A Modern History of Southeast Asia: Decolonization, Nationalism and Separatism

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I.B.Tauris, Feb 15, 1998 - History - 312 pages
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The massive transformations that occurred in the decade 1940-50 were decisive in shaping the modern history of Southeast Asia, and have determined the course of politics in the region right up to the present day.

The 1940s saw the break-up of the European colonial empires in Southeast Asia and the creation of independent nation states. However, this nationalist revolution met resistance, not only from the colonial powers, but also from peripheral communities and regions that felt their identity to be threatened by these emerging nation-states and by the ideologies dominating Asian nationalism. A number of secession movements developed and separatist rebellions broke out and, although no movement achieved its objectives, some were resurrected during the Cold War when the region came to be seen as a key strategic zone.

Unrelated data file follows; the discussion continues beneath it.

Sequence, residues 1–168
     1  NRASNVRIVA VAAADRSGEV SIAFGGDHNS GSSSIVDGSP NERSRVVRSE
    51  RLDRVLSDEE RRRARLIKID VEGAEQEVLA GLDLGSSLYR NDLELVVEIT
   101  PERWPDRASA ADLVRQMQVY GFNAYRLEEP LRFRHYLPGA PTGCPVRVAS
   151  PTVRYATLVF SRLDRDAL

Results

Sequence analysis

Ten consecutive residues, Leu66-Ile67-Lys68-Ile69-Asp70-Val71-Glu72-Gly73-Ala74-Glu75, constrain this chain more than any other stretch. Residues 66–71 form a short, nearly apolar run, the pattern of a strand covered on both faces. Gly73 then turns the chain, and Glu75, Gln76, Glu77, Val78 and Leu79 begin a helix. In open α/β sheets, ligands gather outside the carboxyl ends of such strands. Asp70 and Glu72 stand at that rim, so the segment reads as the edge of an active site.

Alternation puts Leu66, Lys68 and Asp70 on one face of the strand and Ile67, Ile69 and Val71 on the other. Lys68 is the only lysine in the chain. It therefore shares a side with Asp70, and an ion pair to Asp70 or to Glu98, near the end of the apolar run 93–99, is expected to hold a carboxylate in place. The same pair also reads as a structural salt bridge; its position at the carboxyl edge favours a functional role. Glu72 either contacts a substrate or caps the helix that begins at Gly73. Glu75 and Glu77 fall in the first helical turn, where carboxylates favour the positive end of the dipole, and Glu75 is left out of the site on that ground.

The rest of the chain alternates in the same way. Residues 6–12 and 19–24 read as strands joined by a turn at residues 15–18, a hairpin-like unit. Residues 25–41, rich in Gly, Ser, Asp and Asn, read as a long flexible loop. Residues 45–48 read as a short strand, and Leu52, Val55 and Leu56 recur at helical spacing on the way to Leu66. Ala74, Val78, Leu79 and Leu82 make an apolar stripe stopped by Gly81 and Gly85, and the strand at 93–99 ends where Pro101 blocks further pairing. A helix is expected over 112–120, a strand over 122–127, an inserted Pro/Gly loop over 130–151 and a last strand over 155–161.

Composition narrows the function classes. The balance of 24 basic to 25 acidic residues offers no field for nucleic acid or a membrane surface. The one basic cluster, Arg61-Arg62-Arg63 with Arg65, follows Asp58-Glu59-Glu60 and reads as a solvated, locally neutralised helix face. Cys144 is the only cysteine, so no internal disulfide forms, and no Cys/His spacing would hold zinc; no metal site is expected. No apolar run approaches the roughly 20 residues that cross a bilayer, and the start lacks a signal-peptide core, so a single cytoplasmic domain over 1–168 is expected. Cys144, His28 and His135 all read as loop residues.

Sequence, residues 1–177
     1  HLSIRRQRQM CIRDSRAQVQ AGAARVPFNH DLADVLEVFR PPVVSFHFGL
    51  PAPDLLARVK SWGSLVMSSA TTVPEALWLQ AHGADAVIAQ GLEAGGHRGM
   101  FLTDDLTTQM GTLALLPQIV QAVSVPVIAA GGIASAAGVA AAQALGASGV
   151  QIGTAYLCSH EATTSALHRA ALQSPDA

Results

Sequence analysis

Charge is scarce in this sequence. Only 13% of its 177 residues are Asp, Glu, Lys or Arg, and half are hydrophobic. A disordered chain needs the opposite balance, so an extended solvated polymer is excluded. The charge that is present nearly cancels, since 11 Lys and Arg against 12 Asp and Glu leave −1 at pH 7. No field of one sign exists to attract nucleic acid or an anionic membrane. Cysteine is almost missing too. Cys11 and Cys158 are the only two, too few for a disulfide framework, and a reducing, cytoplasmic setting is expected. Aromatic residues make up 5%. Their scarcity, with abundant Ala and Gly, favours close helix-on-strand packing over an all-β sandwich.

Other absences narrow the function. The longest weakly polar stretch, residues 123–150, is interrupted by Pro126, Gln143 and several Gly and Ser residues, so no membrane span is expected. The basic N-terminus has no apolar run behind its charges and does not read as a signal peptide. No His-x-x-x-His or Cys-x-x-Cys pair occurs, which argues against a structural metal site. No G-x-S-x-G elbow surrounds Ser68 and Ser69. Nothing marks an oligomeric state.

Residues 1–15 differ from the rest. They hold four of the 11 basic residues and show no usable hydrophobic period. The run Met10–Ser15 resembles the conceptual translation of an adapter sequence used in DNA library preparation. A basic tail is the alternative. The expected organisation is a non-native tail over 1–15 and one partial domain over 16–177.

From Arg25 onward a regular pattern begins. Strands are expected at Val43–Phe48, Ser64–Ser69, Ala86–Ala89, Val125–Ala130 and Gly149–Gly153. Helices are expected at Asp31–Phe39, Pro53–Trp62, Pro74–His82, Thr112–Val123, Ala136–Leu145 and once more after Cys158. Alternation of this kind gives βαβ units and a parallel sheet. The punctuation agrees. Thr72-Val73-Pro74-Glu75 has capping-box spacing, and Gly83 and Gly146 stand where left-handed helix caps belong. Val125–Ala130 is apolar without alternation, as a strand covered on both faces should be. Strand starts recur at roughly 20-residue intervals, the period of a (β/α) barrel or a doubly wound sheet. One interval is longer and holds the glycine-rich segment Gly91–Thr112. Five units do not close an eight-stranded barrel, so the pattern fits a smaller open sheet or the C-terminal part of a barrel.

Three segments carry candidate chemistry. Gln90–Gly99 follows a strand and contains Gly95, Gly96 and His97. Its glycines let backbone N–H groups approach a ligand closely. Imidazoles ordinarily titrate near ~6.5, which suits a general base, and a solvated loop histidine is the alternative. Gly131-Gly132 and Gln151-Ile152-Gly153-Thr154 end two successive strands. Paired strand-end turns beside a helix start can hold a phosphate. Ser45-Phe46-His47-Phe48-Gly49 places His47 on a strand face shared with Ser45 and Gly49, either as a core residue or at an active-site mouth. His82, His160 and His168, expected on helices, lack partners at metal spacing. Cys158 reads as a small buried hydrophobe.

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Contents

Introduction
1
Decolonization Separatism and Loyalism
25
The Straits Settlements and Malaya
27
Burma in the colonial period
52
the Karens of Burma
53
Indochina and the Vietnamese Central Highlands
81
the Montagnards of Vietnam
82
Eastern Indonesia and the Republic of the South Moluccas
107
Northern Arakan
160
the Arakanese
161
the Malays of Patani
173
The MalayaThailand border region
185
Conclusion
191
The territorial claims of FULRO and the Front de Liberation des Hauts Plateaux du Champa
223
April 1950
224
Notes
231

the Republic of Indonesia
108
Decolonization and Separatism
127
Aceh and Sumatra
139
the Acehnese Revolt
140
Bibliography
259
Index
276
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About the author (1998)

Fellow and Lecturer in History and Southeaset Asian Studies, Hull University.

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